Bowers keeps in close touch with all of her grandchildren.

“I see them all the time,” she said. “For Christmas, we went to the Japanese steakhouse and then to see ‘Spider-Man.’ That’s the kind of stuff they take Grandma to.”


‘He knows his dad is in heaven.’
Monica Miller, 41, lost her mom to chronic obstructive pulmonary disease, or COPD, in June 2015 at age 55. She died one month before Miller’s son, Jax, was born in July.

Miller remembers the moment she learned her mother was terminal. She went to visit her mom, Nancy Hermes, just after her baby shower. Medical personnel told her, “You need to say good-bye to your mom. She only has a couple days to live.”

“I have three younger siblings. She hung on until my sister’s graduation from high school,” said Miller, who was with her mother daily at the end of her life. “I mourned her the whole time she was in hospice.”

One month later, on July 17, Jax was born. Just before his first birthday, the family, including Jax’s father, Dickow Dehko, 41, were at home. Dehko complained of not feeling well and planned to make a doctor’s appointment. Instead, Miller drove him to the hospital, with Jax in the backseat with his dad.

“He grabbed his chest and his hand was numb,” Miller said of her fiancé. “He walked into the hospital by himself. He said, ‘I think I’m having a heart attack.’ He collapsed. He passed away almost immediately.”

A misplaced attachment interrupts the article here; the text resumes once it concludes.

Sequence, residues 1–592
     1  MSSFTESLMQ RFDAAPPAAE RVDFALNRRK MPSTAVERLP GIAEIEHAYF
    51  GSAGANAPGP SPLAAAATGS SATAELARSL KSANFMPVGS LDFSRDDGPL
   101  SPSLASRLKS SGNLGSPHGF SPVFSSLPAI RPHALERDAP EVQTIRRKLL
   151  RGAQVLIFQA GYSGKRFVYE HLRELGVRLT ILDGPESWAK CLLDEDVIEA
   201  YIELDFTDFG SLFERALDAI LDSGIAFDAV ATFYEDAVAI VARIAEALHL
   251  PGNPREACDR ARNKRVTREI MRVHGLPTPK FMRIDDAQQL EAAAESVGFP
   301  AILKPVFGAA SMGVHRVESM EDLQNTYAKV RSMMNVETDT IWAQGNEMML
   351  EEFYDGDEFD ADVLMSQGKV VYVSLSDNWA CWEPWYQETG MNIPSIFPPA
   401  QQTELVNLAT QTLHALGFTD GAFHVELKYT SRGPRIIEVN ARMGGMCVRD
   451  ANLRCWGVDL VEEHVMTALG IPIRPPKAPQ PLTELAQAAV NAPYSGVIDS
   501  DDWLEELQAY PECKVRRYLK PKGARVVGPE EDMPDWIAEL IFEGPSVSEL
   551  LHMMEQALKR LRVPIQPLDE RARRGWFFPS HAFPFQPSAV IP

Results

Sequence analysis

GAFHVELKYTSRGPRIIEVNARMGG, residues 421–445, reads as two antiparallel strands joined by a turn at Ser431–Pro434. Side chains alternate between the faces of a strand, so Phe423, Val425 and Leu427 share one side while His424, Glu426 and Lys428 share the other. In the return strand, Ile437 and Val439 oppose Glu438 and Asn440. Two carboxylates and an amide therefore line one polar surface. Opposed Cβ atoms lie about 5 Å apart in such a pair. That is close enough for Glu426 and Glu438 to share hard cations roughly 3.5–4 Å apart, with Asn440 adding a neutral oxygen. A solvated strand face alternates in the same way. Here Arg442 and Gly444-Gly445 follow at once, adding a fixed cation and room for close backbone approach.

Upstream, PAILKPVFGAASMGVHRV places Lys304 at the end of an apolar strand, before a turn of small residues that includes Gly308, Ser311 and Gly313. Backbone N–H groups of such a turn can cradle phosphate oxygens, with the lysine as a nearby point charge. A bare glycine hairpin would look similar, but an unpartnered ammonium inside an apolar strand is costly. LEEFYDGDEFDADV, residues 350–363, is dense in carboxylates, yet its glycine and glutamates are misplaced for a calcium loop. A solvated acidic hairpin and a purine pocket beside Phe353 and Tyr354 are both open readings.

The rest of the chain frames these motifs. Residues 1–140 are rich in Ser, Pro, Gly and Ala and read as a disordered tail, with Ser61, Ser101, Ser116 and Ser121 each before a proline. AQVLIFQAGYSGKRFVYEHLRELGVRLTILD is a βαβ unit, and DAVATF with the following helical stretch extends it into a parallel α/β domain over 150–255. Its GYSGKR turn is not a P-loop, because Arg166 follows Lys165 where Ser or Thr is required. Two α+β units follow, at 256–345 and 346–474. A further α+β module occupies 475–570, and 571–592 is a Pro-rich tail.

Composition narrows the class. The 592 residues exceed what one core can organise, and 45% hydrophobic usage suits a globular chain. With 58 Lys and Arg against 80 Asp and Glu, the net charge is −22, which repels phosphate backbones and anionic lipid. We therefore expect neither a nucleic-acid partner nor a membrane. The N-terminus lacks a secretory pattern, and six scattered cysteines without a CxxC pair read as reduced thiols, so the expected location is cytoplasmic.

Miller, a hairdresser, had stopped working when Jax, now 6, was born. But after the death of Dehko, Miller knew she had to get back to work at her job at Tarro Salon in Bloomfield Hills.

“I’ve been here 17 years,” Miller said. “Our clients are good, loyal clients.”

When the COVID-19 pandemic hit, the salon was going to close, and that meant the staff members would have to find work at other salons. Thinking it over and knowing she had to provide for her son, Miller purchased the salon.

Although denied a loan, Miller bought the salon in November 2021 with her personal life savings. After undergoing renovations, the salon was renamed 865 West, which is located at 865 W. Long Lake Road in Bloomfield Hills. She took the helm and made sure all of the hairdressers, stylists, receptionists and assistants stayed together.

“I needed a future for my son,” Miller said.

And while owning a business comes with certain stressors, Miller has plenty of support from staff and patrons at 865 West.

“Everyone has been great,” the business owner said. “We’re like a family here. This is like a second home to me. We all wanted to stick together. We have a really good thing here.”

She loves being a hairdresser to her clientele.

“I have constant satisfaction because they leave happy,” she said. “We make people feel good every day.”

Receptionist Sarah Jankowski has known Miller for about six years.

“She works so hard. She took on the role and responsibility to keep us all together or the salon would have closed,” Jankowski said. “I don’t know many people who would have done that.”

Dehko’s memory lives on. Miller said that every time Jax sees a white butterfly, he says, “‘That’s my dad.’ He knows his dad is in heaven.”